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Putin signs plan to crack down on foreign media

Putin signs plan to crack down on foreign media
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Russian President Vladimir Putin has signed off on a law that permits Russian authorities to label non-Russian media outlets as "foreign agents," in a move seen as retaliation against the U.S. 

The law passed quickly through both Russian houses of parliament over the past two weeks, and was signed into law by Putin on Saturday, according to Reuters

The measure allows the Kremlin to force foreign media to register as foreign agents, and disclose the sources of their funding. 

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Moscow's move was in response to the Justice Department's decision to force the  Russian state-owned outlet RT to register as a foreign agent, a sign that the broadcaster's content would be labeled as propaganda. 

The actions come during ongoing federal and congressional probes into alleged ties between the Trump campaign and Russian interference in last year's election. 

The Justice Department had set a Nov. 13 deadline for RT to register as a foreign agent after a January intelligence report said the outlet spearheaded "strategic messaging for [the] Russian government," fueling political conflicts in the U.S. during the 2016 campaign.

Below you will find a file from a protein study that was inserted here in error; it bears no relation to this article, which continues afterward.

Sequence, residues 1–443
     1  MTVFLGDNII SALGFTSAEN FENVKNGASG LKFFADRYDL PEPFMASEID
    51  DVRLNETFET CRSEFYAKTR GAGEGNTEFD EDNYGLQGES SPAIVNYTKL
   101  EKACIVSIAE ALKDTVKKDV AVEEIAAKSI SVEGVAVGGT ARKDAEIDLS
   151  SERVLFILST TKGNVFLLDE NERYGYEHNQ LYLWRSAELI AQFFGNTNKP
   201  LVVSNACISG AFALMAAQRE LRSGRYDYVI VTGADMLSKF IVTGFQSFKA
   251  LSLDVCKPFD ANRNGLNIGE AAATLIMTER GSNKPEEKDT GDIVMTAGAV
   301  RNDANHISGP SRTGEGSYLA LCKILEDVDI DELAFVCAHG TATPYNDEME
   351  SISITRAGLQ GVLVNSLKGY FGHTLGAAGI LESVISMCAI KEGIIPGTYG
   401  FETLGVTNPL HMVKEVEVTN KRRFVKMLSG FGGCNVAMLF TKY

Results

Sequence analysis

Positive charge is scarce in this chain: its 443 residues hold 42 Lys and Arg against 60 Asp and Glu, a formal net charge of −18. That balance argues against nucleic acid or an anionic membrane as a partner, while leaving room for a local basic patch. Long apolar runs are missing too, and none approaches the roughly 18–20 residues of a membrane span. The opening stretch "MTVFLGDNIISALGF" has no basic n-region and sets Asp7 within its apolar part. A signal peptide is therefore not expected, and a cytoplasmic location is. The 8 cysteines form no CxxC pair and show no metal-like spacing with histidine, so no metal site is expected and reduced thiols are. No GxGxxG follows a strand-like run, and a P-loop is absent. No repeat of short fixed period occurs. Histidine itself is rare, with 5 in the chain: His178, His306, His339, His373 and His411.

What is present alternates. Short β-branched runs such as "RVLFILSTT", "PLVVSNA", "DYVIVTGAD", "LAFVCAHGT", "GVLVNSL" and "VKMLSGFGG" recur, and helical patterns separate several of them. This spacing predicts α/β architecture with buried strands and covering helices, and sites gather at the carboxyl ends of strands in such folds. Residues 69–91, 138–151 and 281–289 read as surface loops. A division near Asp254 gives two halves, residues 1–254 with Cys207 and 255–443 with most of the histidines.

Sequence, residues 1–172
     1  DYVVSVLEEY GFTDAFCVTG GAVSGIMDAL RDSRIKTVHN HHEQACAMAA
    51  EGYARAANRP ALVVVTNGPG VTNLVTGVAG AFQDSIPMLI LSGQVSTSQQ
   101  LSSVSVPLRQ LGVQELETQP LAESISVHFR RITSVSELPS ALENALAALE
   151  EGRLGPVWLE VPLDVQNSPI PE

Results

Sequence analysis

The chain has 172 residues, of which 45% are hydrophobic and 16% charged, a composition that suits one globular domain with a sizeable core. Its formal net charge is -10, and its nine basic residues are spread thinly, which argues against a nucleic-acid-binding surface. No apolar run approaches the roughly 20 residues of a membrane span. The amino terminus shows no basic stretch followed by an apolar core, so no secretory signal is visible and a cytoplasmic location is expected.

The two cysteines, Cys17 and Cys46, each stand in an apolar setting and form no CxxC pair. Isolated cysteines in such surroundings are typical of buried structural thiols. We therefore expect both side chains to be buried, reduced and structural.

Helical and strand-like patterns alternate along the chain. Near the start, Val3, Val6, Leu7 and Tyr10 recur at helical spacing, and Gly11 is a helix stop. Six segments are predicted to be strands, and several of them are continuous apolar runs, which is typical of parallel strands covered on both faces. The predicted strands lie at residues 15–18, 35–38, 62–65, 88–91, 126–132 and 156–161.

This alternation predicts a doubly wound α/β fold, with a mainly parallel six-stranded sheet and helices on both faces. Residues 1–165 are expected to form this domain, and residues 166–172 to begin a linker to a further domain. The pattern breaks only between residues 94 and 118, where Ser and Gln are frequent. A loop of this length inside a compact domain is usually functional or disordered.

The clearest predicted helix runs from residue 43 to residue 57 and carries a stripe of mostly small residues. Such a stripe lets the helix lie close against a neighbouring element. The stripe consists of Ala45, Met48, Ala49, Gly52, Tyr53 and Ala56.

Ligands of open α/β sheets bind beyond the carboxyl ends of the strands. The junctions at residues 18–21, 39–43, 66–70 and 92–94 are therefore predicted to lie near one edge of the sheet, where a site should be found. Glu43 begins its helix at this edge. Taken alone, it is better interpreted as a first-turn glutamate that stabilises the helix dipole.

Russia responded to the U.S. measure earlier this month, promising an "an immediate symmetrical response."

"The Russian side has repeatedly warned that any measures limiting activity of the Russian mass media in the United States will inevitably trigger an immediate symmetrical response, as provided for in the Russian legislation," the Russian Embassy said in a statement earlier this month. 

This would not be the first time the Kremlin has taken aim at foreign media. 

Russia has issued threats against Radio Free Europe and the Voice of America, which both are recipients of U.S. government funding, as well as the privately owned CNN, which the Kremlin says puts out anti-Russian reporting.